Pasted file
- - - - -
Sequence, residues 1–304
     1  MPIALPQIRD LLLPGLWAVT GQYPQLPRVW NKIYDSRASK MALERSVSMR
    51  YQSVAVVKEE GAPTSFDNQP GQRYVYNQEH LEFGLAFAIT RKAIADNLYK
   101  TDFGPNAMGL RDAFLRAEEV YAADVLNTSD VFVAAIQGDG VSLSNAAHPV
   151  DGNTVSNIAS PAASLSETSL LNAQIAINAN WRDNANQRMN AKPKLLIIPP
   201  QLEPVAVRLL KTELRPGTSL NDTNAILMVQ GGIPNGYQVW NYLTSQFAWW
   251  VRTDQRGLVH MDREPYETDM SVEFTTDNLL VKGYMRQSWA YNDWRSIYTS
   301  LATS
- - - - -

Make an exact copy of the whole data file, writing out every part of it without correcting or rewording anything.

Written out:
Sequence, residues 1–304
     1  MPIALPQIRD LLLPGLWAVT GQYPQLPRVW NKIYDSRASK MALERSVSMR
    51  YQSVAVVKEE GAPTSFDNQP GQRYVYNQEH LEFGLAFAIT RKAIADNLYK
   101  TDFGPNAMGL RDAFLRAEEV YAADVLNTSD VFVAAIQGDG VSLSNAAHPV
   151  DGNTVSNIAS PAASLSETSL LNAQIAINAN WRDNANQRMN AKPKLLIIPP
   201  QLEPVAVRLL KTELRPGTSL NDTNAILMVQ GGIPNGYQVW NYLTSQFAWW
   251  VRTDQRGLVH MDREPYETDM SVEFTTDNLL VKGYMRQSWA YNDWRSIYTS
   301  LATS